Global debt has increased by $3.3 trillion in Q1 2022 to a new record of over $305 trillion, largely driven by the world’s two largest economies, China and the US. 

While China’s debt rose by $2.5 trillion in Q1, the US added $1.5 trillion. However, total debt in the Euro Area declined, the Institute of International Finance (IIF) said in its Global Debt Monitor Report. 

The rise was mainly driven by corporate (ex-financials) and general government borrowing, with debt outside the financial sector now topping $236 trillion—up nearly $40 trillion since the onset of the pandemic.

Debt in Emerging Markets (EMs) are now approaching a record $100 trillion.

"As the ripple effects of the Russia-Ukraine war continue to disrupt global economic activity, growth is expected to slow significantly this year, with adverse implications for debt dynamics," the report noted.

Reflecting the surge in inflation, global debt-to-GDP ratio declined for the fourth consecutive quarter in Q1 2022. The drop was more evident in mature markets. At more than 348% of GDP, global debt is some 15 percentage points below its peak in Q1 2021, the IIF noted.

While the rising inflation will continue to help reduce debt ratios in general, sovereign and corporate borrowers that have less FX and short-term debt may benefit most from rising inflation, at least in the near term, IIF said, adding, as central banks move to curb inflationary pressures, higher borrowing costs will exacerbate debt vulnerabilities.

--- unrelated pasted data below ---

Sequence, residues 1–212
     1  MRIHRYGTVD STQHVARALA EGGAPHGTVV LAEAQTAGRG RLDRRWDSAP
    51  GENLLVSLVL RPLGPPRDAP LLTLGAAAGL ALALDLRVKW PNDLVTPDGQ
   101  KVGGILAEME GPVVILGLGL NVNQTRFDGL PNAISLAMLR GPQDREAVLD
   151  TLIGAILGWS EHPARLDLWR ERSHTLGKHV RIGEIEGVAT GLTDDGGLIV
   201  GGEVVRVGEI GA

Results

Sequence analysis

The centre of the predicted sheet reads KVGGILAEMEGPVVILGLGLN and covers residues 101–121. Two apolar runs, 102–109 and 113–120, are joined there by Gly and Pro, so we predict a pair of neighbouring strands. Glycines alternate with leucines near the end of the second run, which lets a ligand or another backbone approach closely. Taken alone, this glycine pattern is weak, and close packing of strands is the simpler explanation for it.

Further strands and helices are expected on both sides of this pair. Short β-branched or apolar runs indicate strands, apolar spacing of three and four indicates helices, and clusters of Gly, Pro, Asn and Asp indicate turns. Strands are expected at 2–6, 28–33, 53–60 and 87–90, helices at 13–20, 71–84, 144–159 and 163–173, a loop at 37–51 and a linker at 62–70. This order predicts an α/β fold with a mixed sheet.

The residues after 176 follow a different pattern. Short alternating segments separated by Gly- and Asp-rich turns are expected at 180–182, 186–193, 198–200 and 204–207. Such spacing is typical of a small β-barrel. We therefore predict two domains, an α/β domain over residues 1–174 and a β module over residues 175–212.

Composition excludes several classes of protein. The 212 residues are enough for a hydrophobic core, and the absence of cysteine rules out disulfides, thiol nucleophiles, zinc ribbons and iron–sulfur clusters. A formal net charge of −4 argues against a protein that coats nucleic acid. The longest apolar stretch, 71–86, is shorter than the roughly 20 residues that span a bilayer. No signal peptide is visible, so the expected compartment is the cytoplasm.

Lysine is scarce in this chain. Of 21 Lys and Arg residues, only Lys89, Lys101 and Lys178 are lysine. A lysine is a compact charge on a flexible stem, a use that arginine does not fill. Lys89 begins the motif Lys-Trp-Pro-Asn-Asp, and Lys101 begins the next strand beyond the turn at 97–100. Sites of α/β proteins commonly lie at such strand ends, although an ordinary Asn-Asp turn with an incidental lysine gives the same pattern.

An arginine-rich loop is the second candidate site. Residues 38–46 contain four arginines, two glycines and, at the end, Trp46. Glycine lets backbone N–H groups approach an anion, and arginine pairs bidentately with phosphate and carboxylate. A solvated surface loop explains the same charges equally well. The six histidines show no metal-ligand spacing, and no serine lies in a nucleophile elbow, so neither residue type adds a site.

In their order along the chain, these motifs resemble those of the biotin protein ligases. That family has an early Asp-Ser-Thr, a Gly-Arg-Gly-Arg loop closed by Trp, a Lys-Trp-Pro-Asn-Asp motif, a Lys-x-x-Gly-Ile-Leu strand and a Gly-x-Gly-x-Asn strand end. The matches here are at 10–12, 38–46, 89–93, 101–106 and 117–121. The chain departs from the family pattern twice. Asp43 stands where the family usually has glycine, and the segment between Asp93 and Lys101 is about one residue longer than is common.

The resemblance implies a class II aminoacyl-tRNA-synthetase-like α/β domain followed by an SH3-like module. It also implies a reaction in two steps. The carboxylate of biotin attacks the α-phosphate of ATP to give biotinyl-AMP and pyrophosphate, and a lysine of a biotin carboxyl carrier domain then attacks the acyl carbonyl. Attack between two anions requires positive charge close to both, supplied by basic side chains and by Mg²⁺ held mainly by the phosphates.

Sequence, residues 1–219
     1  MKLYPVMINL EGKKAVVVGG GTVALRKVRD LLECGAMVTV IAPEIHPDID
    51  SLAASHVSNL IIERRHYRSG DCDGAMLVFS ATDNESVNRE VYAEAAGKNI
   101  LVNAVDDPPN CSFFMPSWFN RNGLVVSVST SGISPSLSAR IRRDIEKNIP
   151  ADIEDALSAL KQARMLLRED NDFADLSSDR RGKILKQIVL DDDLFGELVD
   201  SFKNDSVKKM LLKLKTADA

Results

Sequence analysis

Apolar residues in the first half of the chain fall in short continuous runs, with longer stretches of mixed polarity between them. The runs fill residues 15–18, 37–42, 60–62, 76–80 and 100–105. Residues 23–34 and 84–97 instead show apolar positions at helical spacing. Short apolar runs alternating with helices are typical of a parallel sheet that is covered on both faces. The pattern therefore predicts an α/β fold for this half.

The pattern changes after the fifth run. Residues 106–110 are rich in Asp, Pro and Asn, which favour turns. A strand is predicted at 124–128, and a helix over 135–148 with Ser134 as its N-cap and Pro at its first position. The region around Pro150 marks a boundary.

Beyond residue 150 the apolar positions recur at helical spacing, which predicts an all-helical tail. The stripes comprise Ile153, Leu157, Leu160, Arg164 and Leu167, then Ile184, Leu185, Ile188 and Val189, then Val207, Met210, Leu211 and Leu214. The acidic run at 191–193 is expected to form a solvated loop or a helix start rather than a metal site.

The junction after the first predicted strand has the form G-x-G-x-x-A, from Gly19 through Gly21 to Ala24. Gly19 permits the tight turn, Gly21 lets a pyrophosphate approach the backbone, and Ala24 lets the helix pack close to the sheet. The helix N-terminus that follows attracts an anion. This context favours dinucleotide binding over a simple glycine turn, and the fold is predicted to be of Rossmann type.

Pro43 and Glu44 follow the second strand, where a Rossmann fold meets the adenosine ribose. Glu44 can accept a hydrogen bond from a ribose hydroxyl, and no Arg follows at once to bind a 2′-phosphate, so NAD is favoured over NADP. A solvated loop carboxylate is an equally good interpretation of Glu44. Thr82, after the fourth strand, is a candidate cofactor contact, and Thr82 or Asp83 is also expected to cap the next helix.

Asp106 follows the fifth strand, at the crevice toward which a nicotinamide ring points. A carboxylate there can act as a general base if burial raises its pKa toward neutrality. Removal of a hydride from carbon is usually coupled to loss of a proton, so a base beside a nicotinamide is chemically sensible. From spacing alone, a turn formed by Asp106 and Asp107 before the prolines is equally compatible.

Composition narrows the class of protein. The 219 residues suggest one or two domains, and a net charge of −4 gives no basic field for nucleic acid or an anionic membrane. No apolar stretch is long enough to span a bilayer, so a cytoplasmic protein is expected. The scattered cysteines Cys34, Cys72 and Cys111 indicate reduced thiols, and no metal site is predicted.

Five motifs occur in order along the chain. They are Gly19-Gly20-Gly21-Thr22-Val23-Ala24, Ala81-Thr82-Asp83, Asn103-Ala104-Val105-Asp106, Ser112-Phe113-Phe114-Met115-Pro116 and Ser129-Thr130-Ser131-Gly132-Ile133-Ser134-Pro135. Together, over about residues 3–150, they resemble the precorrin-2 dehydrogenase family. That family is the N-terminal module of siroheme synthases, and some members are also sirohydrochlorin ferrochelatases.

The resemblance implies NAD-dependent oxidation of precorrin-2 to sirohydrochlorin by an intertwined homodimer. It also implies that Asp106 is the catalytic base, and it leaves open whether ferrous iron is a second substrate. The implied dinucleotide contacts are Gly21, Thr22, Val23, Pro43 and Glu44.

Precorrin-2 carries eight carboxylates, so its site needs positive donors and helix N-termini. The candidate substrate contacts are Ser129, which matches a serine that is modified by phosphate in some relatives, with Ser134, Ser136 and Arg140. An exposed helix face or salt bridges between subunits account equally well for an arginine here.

The impact could be more severe for those EM borrowers that have a less diversified investor base.

Due to rising borrowing costs, the sovereign balance sheets still remain under pressure, the IIF said. Global government debt has risen by 14 percentage points ($17.4 trillion) to 103% of GDP in Q1 2022, since the beginning of the pandemic.

"With government financing needs still running well above the pre-pandemic levels, higher and more volatile commodity prices could force some countries to increase public spending even further to ward off social unrest," said the IIF.

With rising levels of debt in the emerging markets, governments are facing the issue of lack of debt transparency, which results in higher borrowing costs and less access to private capital markets for borrowers. 

"The lack of timely disclosure of public debt obligations, very limited coverage of contingent liabilities (including SOE liabilities) and the extensive use of confidentiality clauses are the major impediments causing information asymmetries between creditors and debtors," said the IIF report.

(Reporting by Seban Scaria; editing by Daniel Luiz)